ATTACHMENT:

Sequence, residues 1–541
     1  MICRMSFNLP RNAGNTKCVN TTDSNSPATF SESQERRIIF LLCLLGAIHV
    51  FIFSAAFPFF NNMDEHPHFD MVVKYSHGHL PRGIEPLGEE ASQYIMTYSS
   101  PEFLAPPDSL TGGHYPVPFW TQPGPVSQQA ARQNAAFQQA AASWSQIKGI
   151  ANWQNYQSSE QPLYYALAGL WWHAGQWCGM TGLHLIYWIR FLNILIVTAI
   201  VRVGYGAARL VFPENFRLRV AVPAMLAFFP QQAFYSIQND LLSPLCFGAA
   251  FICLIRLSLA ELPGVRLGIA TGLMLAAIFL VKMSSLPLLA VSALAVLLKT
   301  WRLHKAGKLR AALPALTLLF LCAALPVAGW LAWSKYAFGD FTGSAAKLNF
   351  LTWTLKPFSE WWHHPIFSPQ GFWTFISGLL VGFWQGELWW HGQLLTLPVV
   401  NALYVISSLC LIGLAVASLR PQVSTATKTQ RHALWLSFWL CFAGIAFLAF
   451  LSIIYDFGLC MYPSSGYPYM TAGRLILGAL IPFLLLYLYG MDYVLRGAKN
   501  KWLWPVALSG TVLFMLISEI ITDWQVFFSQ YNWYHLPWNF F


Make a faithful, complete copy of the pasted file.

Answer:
Sequence, residues 1–541
     1  MICRMSFNLP RNAGNTKCVN TTDSNSPATF SESQERRIIF LLCLLGAIHV
    51  FIFSAAFPFF NNMDEHPHFD MVVKYSHGHL PRGIEPLGEE ASQYIMTYSS
   101  PEFLAPPDSL TGGHYPVPFW TQPGPVSQQA ARQNAAFQQA AASWSQIKGI
   151  ANWQNYQSSE QPLYYALAGL WWHAGQWCGM TGLHLIYWIR FLNILIVTAI
   201  VRVGYGAARL VFPENFRLRV AVPAMLAFFP QQAFYSIQND LLSPLCFGAA
   251  FICLIRLSLA ELPGVRLGIA TGLMLAAIFL VKMSSLPLLA VSALAVLLKT
   301  WRLHKAGKLR AALPALTLLF LCAALPVAGW LAWSKYAFGD FTGSAAKLNF
   351  LTWTLKPFSE WWHHPIFSPQ GFWTFISGLL VGFWQGELWW HGQLLTLPVV
   401  NALYVISSLC LIGLAVASLR PQVSTATKTQ RHALWLSFWL CFAGIAFLAF
   451  LSIIYDFGLC MYPSSGYPYM TAGRLILGAL IPFLLLYLYG MDYVLRGAKN
   501  KWLWPVALSG TVLFMLISEI ITDWQVFFSQ YNWYHLPWNF F